Business

Phil Jasper's goal at Collins Aerospace: Bring every war fighter home safely

Phil Jasper, Mission Systems head at Collins Aerospace in Cedar Rapids on Wednesday, June 5, 2019. (Liz Martin/The Gazette)
Phil Jasper, Mission Systems head at Collins Aerospace in Cedar Rapids on Wednesday, June 5, 2019. (Liz Martin/The Gazette)
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The current president of Collins Aerospace’s mission systems business unit still can remember his captivation with the U.S. space program growing up in Lamont.

“I’d be out helping dad in the shop, working on equipment, and I’d take a break to go and watch the Shuttle launch,” said Phil Jasper, who also vividly recalls the Space Shuttle Challenger explosion that killed a crew of seven in 1986.

“That was something that really stuck with me, just the fact that obviously these were great people and it just reinforced the importance of what engineers do and how important it is, that people’s lives really depend on designing safe, effective systems, and if there’s a failure, it can mean people’s lives are at stake,” he said.

Jasper completed engineering and finance internships with Rockwell Collins in 1988 and 1989, and began full-time work for the company after receiving his master’s degree in aerospace engineering.

Nearly 30 years later, about halfway through the planning process for the United Technologies Corp. acquisition, Jasper said he participated in determining which legacy businesses would make sense to integrate into units and where they should be based.

Jasper was “humbled” to learn late in the process that he would head mission systems, which combines Rockwell’s heritage mission systems business with UTC’s intelligence, surveillance and reconnaissance, and ejection and propulsion divisions.

In 2018, Collins’ mission systems business brought in about $3.5 billion in revenue, Jasper said.

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Jasper described mission systems as encapsulating an array of products and technologies “that enable our customers to execute and complete their missions,” covering ranges from subsurface to space.

Its terrestrial products include radios, data links allowing for back-and-forth communication between aircraft and soldiers, and navigation GPS.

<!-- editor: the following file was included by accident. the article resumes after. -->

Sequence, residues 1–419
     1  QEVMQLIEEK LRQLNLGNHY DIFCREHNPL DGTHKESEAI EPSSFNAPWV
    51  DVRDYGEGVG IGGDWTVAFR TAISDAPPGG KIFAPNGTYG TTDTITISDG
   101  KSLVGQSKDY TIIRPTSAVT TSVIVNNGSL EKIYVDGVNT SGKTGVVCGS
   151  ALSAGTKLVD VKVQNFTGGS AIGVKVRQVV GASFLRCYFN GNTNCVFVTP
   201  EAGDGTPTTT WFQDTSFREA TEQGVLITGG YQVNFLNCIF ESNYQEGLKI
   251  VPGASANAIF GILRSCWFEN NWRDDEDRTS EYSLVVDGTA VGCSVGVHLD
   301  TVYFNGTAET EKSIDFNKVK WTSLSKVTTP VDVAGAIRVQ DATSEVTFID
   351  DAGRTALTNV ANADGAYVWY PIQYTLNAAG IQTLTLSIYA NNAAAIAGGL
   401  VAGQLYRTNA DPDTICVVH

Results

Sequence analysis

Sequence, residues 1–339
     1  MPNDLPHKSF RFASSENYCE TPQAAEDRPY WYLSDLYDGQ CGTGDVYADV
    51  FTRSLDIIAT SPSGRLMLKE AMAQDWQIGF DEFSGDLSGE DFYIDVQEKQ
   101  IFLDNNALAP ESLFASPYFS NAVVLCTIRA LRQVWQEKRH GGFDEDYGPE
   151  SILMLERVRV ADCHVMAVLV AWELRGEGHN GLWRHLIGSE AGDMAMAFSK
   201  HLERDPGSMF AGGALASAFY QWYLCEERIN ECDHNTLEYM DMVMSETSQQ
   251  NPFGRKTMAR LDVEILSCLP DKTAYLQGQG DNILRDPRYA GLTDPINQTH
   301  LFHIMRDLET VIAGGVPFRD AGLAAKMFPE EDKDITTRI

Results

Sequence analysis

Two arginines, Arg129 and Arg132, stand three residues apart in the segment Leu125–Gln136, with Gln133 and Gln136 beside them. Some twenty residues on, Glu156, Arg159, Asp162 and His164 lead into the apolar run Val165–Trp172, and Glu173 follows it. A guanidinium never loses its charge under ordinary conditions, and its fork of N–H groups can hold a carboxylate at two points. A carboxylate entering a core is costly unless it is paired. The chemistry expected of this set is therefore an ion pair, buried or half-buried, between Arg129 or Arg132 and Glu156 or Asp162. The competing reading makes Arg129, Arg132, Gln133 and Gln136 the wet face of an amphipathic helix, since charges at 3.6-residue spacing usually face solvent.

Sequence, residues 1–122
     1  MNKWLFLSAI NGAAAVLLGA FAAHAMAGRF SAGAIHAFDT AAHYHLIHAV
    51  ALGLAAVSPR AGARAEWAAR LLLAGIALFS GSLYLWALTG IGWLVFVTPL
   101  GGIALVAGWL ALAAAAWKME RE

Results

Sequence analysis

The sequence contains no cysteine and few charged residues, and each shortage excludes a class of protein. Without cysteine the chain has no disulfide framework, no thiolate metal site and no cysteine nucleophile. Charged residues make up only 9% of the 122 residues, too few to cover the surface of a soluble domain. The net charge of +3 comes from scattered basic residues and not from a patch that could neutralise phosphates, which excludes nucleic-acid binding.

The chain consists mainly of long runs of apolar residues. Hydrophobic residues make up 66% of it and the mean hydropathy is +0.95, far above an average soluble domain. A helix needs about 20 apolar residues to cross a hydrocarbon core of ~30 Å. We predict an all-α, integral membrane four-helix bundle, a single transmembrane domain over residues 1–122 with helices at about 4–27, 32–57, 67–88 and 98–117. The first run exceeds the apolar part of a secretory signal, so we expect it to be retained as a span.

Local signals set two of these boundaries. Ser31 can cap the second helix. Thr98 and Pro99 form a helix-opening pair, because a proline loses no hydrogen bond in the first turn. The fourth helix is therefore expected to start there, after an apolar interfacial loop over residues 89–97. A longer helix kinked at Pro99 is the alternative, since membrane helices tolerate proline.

Specific capabilities constantly are evolving, Jasper said, as soldiers must deal with what he describes as the “connected and digital battle space.”

Representatives both from Collins Aerospace’s advanced technology center in Cedar Rapids and agencies under the U.S. Department of Defense continually look forward to evaluate soldiers’ needs, both immediate and long-term, so Collins can address them, Jasper said.

Sometimes, he said, this involves ensuring the Department of Defense is leveraging the investments Collins Aerospace has made in commercial technology.

For example, he said, it might be more expensive and time-consuming for Collins Aerospace to create a brand-new product for the federal government, compared to modifying a commercial product made for a customer such as Boeing to suit defense needs.

“At the end of the day, all of our technologies are integral to our customers achieving their mission, with the ultimate goal of bringing every war fighter home safely to his or her family or base,” Jasper said.

Collins Aerospace has benefited from growth in the nation’s defense budget over the past few years though he anticipates this could slow down in the future, Jasper said.

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Also of recent interest for the company was Vice President Mike Pence’s call in March for NASA to return humans to the moon by 2024, which Jasper said could portend good news for mission systems products including life support systems for astronauts’ suits and technologies for space vehicles.

“We’ve definitely seen an uptick in inquiries, we’re seeing more requests from customers in terms of what are our capabilities in these areas, what technologies do we have and how can we apply that to help solve the new lunar challenge,” he said.

Jasper said he is aware of concern in the community about the UTC acquisition of Rockwell Collins but believes the company’s continued presence and work in Cedar Rapids demonstrates a commitment that has “allayed” some of those fears.

“I think it speaks volumes that they headquartered two of the six business units right here in Cedar Rapids,” he said. “That really, I think, sends a strong signal that the corporation sees the value of what we do here.”

• Comments: (319) 398-8366; thomas.friestad@thegazette.com

Phil Jasper

• Most recent previous leadership positions at Rockwell Collins: Executive vice president and chief operating officer, government systems; vice president, business development

• Education: Iowa State University, bachelor of science, aerospace engineering, and master of engineering, aerospace engineering

• Hometown: Lamont

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